But that’s just the first step. Right now, Great River Energy is piloting a program in which water heaters charging at night also help provide grid frequency regulation services by slightly altering how much electricity they use. As the grid adds more and more variable resources like wind power, Connett says, using water heaters to provide a “ballast” against that variability becomes more and more useful.
“These water heaters, I joke about, they’re the battery in the basement,” says Connett. “They’re kind of an unsung hero, but we’ve studied smart appliances, and I have to say, maybe the smartest appliance is this water heater.”
Of course, those of us living in cities aren’t part of rural electric cooperatives. We generally buy our electricity from a utility company. But utilities also appear to be getting interested in these sorts of possibilities. The Brattle Group report notes ongoing pilot projects in the area with both the Hawaiian Electric Company and the Sacramento Municipal Utility District.
Thus, in the future, it may be that our power companies try to sign us up for programs that would turn our water heaters into grid resources (and compensate us in some way for that, maybe through a rebate for buying a grid-interactive heater, or maybe by lowering our bills). Or, alternatively, in the future some people may be able to sign up with so-called demand response “aggregators” that pool together many residential customers and their devices to provide services to the grid.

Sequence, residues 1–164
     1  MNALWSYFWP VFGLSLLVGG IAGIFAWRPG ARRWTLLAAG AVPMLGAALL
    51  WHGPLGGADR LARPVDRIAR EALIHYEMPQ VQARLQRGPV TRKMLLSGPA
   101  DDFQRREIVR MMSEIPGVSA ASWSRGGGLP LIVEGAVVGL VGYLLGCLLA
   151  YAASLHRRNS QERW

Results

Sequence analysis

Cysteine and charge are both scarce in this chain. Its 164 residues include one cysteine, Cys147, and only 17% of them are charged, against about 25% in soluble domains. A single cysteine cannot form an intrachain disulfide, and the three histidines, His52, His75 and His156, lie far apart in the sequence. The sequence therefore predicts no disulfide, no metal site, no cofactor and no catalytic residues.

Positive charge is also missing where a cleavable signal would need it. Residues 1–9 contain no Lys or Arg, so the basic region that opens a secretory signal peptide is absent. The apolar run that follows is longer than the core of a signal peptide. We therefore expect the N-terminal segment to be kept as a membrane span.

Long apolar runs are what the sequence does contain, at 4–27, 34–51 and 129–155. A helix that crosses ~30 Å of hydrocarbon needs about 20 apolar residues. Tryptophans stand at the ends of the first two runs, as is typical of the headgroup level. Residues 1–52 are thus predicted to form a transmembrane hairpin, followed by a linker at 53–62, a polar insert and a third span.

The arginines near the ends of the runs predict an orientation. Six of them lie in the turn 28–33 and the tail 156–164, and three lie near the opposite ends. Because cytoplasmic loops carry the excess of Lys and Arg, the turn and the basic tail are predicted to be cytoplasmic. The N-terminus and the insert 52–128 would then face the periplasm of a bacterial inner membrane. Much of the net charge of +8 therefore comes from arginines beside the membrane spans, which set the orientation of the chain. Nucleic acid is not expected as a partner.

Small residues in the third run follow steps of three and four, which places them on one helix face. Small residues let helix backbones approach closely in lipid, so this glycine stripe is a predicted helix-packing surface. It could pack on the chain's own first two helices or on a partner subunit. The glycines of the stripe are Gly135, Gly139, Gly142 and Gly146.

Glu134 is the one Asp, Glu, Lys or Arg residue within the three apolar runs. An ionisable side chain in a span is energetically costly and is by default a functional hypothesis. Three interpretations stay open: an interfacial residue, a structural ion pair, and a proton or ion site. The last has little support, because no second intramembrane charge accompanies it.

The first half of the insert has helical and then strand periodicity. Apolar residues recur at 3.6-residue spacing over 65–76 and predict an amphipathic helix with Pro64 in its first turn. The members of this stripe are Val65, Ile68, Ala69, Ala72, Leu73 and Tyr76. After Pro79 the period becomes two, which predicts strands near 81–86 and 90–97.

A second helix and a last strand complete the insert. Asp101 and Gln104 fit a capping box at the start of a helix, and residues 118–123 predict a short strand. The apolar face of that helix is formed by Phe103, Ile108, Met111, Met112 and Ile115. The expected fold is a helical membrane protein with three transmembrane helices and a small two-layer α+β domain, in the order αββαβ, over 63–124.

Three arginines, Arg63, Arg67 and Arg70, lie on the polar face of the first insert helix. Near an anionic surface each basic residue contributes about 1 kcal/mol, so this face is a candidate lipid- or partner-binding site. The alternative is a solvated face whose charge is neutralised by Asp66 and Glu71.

And as if that’s not enough, the Brattle Group report also finds that, since water heating is such a big consumer of electricity overall — 9 percent of all household use — these strategies could someday lessen overall greenhouse gas emissions. That would be especially the case if the heaters are being used to warm water during specific hours of the day when a given grid is more reliant on renewables or natural gas, rather than coal. Controlling when heaters are used could have this potential benefit, too.
Granted, these are still pretty new ideas and the Brattle Group report says they need to be studied more extensively. But as Hledik adds, “I haven’t really come across anyone yet who thinks this is a bad idea.”